Three Boys Music Corp. v Bolton Cases of Interest >  IP >  Copyright

Three Boys Music Corp. v Bolton

-Whether the District Court’s verdict is supported by substantial evidence and whether reasonable minds could find that D had a reasonable opportunity to have heard P’s song before they created their own song

Procedural History:
-District Court denied Bolton’s motion for new trial and affirmed jury’s award of $5.4 million finding there was copyright infringement
-Bolton appeals arguing that the District Court erred in finding that: sufficient evidence supported the jury’s finding that the appellants had access to the Isley Brothers’ song, sufficient evidence supported the jury’s finding that the songs were substantially similar, and subject matter jurisdiction existed based on the Isley Brothers registering a complete copy of the song
-This Court affirms – Bolton loses.

-Isley Brothers wrote and recorded the song “Love is a Wonderful Thing” and received a copyright in 1964.
-United Artist released the song in 1966 on a single
-In 1991, the song was released on CD
-Bolton and Goldmark wrote a song with the same name and released it in 1990 on Bolton’s album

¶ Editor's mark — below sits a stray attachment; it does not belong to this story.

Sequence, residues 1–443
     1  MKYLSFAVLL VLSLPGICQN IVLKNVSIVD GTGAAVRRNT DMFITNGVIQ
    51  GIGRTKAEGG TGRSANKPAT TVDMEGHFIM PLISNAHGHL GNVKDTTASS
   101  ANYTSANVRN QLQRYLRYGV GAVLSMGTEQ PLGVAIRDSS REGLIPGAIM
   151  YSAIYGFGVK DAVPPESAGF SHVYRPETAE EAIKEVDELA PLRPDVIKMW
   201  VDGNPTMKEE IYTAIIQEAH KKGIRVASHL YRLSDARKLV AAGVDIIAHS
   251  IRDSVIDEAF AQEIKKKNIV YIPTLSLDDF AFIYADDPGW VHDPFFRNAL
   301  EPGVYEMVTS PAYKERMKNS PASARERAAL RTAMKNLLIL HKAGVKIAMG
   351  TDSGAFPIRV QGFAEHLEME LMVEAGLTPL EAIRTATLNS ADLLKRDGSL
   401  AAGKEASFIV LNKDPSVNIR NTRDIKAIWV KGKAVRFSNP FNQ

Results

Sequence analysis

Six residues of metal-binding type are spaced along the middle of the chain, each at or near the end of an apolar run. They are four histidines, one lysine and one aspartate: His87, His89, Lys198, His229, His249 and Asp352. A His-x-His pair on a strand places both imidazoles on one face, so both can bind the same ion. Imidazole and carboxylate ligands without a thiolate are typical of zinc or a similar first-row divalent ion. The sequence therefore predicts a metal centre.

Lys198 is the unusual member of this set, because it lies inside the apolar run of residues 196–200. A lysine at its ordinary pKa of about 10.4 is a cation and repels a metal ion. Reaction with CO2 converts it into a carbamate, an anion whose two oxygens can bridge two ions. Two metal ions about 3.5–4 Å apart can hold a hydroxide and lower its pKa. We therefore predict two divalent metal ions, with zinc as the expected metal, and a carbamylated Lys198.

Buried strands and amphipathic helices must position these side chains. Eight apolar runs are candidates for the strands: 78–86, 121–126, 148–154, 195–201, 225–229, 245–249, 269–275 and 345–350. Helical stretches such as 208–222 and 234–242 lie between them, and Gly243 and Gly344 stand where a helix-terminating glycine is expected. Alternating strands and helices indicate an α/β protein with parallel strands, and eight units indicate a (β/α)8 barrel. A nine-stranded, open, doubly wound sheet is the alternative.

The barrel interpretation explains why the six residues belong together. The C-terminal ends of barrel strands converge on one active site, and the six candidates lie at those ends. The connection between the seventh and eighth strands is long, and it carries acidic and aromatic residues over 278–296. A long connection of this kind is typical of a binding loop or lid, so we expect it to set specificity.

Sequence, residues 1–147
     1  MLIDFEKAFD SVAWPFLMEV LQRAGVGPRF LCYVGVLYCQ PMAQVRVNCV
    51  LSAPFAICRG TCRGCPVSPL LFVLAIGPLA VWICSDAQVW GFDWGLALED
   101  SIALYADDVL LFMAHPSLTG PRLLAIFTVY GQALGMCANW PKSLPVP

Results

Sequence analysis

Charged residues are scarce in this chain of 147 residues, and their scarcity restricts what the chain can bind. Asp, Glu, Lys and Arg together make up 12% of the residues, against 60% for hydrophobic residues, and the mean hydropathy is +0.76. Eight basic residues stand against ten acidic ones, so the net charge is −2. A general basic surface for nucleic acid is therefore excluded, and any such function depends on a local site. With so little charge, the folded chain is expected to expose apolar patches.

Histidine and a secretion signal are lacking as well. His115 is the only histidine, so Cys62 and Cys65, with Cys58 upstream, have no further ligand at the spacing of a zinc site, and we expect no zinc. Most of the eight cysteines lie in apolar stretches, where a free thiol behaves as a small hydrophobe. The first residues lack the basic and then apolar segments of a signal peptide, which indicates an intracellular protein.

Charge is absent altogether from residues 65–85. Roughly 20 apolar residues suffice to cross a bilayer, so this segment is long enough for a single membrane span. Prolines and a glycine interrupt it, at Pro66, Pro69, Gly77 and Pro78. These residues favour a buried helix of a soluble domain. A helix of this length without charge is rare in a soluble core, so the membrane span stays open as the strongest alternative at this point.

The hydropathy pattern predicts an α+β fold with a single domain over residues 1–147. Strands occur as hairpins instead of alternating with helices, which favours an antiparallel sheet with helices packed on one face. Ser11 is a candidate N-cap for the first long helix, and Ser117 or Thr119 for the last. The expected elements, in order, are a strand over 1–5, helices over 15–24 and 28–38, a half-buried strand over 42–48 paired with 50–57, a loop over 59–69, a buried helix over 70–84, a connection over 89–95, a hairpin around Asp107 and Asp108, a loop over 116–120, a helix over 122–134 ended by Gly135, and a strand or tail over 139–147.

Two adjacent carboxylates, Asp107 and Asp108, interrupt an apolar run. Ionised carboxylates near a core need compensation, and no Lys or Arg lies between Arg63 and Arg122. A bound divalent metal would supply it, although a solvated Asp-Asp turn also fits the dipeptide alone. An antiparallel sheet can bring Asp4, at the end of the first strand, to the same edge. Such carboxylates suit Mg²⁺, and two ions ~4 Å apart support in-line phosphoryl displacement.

-Bolton said he has heard the Isley Brothers’ music and was a fan

-Copyright P must prove: ownership of the copyright and infringement
-Proof of infringement includes: Proof of access (reasonable opportunity to view or reasonable possibility to copy P’s work) and substantial similarity (inextricably linked)
-In determining proof of access the Court considered circumstantial evidence supporting that P’s work was widely disseminated and therefore, because Bolton admittedly was a fan of the Isley Brothers, the Court found proof of access
-In determining substantial similarity the Court uses a 2 part test: extrinsic and intrinsic
-Extrinsic evidence requires P to identify concrete elements based on objective criteria (such as expert opinions)
-Intrinsic evidence is subjective and asks “whether the ordinary, reasonable person would find the total concept and feel of the works to be substantially similar”
-The Court here found that the jury’s conclusion about access is supported by substantial evidence: both songs shared the same title hook phrase, shifted cadence, instrumental figures, verse/chorus relationship, and fade ending

-Substantial evidence of copying based on access and substantial similarity was such that a reasonable juror could reject this defense
-Bolton infringed the copyright
-Must prove the work was widely distributed and Bolton had access and then get into substantial similarity test (extrinsic/intrinsic) and let the reasonable person decide whether intrinsically there is substantial similarity
-The District Court’s verdict for the P is affirmed.

Portions © 2006-2019 by Michael Risch, Some Rights Reserved | Copyright Notice| Legal Disclaimer